The $5 billion set aside by the health reform law to fund high-risk coverage pools throughout the U.S., until 2014 may not be enough if calculations by made by the National Institute for Health Care Reform are correct. In fact, NIHCR's findings indicate that the money--which is supposed to pay for the coverage of 2 million people--might only be enough to pay for 200,000 individuals.
Mark Merlis, an independent health policy consultant and author of the report, believes that policy makers will be forced either to limit who can obtain coverage from the pools in an attempt to work within the budget's constraints, or to "open the doors to programs that are more generous than most current state pools and allow the programs to reach capacity."
"Under the law, the HHS secretary has two ways of keeping spending within the $5-billion limit," Merlis writes. "The first is a general authority--to make such adjustments as are necessary to eliminate any projected deficit for a fiscal year. The second is an authorization to stop taking applications for participation in the program."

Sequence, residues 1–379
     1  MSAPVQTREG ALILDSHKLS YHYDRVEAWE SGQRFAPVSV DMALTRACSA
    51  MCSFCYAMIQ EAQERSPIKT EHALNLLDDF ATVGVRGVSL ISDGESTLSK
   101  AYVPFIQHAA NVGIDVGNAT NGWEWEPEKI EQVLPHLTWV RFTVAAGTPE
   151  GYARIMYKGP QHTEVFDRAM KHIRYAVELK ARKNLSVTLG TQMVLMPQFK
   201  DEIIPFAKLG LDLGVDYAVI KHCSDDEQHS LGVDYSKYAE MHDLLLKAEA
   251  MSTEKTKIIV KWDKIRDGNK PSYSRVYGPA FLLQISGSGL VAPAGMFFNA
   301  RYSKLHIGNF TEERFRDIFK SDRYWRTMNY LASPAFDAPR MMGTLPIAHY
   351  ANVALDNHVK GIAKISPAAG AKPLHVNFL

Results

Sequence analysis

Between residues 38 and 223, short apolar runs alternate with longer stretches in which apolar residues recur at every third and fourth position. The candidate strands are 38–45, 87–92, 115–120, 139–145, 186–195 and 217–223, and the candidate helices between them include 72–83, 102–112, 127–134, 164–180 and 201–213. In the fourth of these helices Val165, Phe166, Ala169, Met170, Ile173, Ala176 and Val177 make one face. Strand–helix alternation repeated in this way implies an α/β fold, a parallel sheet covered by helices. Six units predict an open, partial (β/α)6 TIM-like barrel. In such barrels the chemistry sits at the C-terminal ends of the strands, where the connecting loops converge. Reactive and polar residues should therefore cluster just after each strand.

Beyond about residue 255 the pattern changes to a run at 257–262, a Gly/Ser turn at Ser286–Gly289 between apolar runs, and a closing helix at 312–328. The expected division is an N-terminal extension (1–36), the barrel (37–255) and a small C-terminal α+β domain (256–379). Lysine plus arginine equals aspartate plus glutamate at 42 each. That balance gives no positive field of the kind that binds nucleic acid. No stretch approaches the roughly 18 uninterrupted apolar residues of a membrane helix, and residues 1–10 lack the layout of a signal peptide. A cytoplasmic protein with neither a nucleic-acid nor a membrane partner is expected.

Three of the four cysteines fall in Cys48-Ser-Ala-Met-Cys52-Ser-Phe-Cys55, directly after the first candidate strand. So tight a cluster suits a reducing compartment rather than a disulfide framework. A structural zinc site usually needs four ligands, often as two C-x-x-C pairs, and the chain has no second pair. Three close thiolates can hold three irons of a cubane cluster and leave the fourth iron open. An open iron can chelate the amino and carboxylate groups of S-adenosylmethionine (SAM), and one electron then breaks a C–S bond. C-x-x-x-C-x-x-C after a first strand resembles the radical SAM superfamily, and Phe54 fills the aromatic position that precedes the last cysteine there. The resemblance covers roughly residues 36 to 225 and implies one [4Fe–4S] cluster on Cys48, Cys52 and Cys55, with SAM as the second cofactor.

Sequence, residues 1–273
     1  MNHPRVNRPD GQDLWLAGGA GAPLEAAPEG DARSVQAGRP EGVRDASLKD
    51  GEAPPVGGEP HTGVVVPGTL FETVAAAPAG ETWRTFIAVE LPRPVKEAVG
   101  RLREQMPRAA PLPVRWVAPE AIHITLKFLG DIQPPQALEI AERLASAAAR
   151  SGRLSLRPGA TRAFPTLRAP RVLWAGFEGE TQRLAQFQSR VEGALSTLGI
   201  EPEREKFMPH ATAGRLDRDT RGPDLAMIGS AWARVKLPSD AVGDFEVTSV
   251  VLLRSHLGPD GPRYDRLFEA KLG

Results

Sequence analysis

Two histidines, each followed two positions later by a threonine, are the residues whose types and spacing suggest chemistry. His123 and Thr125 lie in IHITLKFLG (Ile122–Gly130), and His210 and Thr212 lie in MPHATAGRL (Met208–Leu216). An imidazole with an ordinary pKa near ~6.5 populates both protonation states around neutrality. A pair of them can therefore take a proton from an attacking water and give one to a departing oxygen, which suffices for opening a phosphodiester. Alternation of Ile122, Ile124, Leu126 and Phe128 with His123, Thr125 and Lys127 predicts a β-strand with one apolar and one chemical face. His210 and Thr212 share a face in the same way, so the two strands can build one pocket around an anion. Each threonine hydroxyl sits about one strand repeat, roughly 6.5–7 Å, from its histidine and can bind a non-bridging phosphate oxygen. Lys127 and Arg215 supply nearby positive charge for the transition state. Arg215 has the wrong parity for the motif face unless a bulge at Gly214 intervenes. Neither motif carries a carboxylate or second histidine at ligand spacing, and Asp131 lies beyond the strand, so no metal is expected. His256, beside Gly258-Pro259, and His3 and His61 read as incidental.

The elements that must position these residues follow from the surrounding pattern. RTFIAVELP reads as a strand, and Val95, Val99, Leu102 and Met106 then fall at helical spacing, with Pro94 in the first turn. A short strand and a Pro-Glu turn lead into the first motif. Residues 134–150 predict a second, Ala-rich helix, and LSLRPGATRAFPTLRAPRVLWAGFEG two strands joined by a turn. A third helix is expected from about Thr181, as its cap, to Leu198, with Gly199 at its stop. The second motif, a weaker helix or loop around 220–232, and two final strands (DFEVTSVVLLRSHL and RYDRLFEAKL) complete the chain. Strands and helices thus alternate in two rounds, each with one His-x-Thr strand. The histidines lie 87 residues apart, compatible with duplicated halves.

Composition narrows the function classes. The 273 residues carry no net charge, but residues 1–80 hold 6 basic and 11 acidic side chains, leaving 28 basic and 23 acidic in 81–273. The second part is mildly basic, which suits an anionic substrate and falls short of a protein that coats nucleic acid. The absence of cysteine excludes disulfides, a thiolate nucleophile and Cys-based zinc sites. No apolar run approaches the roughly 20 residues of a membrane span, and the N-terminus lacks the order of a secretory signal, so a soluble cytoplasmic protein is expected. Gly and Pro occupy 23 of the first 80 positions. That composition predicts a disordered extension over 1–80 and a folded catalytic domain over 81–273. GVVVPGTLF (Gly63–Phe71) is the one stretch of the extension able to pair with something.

Merlis also mentions other cost-controlling methods--like shifting coverage percentages over time and establishing a minimum enrollment period--but offered words of caution when talking with Kaiser Health News for those who are overly optimistic about obtaining coverage.
"[P]eople may have the impression that this magic program is going to help everyone in need right away," he says. "That's not the case."
Merlis ultimately believes that rising health costs and reduced premiums would lead to average per-person costs of $7,000 annually by 2014, up from the $5,000 annual per-person price tag estimated by actuaries. Such findings only reaffirm the notions of analysts like Thomas Tobin, who predict that the real cost for such pools will run much higher than anticipated.
Still, the Department of Health and Human Services insists that the program will work. Spokeswoman Jessica Santillo argues that the cost-per-person will be less, and that the target population will be smaller. "Even by its own conservative estimates, [the report] suggests that the proposal would double the number of people with major health problems who are currently helped by state high-risk pools," she said.